How long can I receive TTD benefits?

When you’re unable to work because of a Vermont work injury, one benefit you’re entitled to receive is weekly temporary total disability (TTD) benefits. TTD benefits are considered “wage replacement” benefits, in that you’re paid 2/3 of the gross (pre-tax) average weekly wages you were earning before your injury. Unfortunately, unless you’re permanently and totally disabled, Vermont workers’ compensation laws don’t generally allow you to receive TTD benefits for the rest of your life, even if your injury doesn’t fully heal. The good news, however, is that Vermont provides more favorable TTD benefits than some other states. In California and Texas, for example, most injuries are capped at only 104 weeks (2 years) of TTD benefits, regardless of whether you’ve completed treatment or healed from your injury.

In Vermont, you’re entitled to receive TTD benefits until you either (1) return to work, either in your old job or a new job; or (2) are placed at “medical end result” for your work injury — whichever occurs first. There is no specific cap on the number of weeks, months, or years that you can receive TTD benefits in Vermont. Instead, you can receive TTD benefits until you no longer need them (return to work), or until your healing process has plateaued (medical end result). This is good news, because sometimes it can take several years before you’ve exhausted your treatment options.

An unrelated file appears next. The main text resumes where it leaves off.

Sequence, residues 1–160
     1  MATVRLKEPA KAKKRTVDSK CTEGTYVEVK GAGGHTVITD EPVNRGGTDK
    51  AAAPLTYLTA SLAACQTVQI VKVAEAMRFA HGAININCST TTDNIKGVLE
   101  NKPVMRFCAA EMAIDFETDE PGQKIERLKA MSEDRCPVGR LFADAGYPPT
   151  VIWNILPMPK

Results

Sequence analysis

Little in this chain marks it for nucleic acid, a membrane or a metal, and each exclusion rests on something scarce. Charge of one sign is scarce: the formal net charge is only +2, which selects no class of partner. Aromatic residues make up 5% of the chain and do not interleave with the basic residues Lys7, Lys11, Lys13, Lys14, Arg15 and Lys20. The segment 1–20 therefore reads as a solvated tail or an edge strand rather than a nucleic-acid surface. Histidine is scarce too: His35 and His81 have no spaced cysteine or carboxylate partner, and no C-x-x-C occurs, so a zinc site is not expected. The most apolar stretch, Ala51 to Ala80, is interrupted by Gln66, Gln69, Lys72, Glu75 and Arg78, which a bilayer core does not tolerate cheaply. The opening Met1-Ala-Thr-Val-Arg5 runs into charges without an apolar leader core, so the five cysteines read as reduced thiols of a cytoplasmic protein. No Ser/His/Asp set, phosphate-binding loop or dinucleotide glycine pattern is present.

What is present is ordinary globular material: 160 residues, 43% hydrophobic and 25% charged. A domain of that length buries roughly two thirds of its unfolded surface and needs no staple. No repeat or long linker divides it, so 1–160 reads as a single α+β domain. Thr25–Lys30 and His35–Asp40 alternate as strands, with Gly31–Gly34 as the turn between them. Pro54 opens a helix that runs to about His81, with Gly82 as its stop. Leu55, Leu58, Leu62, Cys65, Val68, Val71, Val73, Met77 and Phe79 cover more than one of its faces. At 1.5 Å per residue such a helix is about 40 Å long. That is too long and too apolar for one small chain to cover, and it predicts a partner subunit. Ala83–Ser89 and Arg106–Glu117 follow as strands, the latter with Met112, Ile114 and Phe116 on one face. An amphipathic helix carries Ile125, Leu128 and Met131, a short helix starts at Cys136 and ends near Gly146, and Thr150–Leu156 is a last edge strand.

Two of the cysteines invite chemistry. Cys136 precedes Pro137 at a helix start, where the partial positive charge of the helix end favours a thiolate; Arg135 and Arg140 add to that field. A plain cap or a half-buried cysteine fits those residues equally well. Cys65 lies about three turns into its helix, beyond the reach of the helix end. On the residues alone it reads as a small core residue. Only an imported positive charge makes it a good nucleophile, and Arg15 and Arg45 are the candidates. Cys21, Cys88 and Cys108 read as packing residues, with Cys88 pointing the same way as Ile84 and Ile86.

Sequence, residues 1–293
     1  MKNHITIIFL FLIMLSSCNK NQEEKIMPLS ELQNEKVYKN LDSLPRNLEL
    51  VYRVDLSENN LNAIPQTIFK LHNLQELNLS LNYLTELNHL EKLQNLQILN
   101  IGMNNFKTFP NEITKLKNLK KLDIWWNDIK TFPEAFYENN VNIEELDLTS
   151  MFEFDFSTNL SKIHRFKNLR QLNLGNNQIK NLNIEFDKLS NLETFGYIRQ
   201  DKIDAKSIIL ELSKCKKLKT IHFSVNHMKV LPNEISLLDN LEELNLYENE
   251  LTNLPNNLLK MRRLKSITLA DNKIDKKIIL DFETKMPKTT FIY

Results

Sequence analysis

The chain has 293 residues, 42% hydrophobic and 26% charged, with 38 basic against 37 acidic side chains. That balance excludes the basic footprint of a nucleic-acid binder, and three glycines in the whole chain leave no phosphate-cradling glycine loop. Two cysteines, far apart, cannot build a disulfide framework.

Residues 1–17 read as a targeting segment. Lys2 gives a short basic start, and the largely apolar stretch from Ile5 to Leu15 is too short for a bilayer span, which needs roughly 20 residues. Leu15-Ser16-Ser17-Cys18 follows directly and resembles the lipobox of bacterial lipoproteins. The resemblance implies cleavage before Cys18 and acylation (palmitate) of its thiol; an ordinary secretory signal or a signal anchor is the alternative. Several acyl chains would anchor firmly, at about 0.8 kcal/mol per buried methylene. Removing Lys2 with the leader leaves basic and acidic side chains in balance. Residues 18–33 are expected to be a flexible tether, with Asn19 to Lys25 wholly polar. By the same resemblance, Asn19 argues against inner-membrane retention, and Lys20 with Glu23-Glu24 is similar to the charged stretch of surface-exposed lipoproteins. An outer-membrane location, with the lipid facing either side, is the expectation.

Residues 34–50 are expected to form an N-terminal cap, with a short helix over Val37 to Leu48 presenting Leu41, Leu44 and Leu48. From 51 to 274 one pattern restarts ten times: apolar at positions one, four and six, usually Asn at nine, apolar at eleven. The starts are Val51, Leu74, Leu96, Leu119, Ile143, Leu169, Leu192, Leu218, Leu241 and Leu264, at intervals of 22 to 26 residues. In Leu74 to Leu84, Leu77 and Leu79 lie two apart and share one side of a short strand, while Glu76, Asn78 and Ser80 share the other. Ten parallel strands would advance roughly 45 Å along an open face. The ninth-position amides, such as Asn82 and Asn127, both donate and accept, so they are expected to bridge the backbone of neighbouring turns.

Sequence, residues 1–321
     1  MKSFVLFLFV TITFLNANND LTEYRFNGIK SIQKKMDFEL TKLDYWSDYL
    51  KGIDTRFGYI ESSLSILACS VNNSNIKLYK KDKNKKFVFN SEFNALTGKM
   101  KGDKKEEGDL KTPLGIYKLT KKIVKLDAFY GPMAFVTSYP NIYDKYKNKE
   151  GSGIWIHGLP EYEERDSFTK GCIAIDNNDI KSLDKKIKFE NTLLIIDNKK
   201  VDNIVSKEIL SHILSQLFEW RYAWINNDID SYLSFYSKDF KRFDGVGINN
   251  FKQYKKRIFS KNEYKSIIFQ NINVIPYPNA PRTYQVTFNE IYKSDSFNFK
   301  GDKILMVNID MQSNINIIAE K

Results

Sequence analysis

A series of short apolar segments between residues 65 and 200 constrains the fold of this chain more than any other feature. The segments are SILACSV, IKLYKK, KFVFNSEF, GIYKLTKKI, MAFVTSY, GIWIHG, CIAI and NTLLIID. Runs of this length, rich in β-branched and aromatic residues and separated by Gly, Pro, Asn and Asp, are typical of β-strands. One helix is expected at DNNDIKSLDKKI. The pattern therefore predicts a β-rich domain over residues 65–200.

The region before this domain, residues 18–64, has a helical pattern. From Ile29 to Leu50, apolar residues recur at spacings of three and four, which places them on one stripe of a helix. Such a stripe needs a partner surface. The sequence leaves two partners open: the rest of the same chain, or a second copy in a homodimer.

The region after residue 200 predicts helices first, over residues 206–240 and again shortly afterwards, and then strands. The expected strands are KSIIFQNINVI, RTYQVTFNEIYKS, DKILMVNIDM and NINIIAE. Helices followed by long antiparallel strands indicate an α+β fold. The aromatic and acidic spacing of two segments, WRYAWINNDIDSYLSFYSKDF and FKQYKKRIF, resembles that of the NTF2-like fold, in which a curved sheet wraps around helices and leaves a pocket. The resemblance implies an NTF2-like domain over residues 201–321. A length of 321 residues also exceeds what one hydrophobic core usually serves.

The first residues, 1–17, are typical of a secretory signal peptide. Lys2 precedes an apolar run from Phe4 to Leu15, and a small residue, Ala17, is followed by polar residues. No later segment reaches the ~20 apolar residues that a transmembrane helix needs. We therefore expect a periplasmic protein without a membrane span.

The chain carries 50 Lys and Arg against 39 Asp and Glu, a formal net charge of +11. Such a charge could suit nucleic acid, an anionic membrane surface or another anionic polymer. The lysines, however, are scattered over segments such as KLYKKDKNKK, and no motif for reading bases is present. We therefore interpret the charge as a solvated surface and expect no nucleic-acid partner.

If you think your workers’ compensation insurance company is prematurely discontinuing your weekly TTD benefits, contact Dickson Law Office for a free consultation.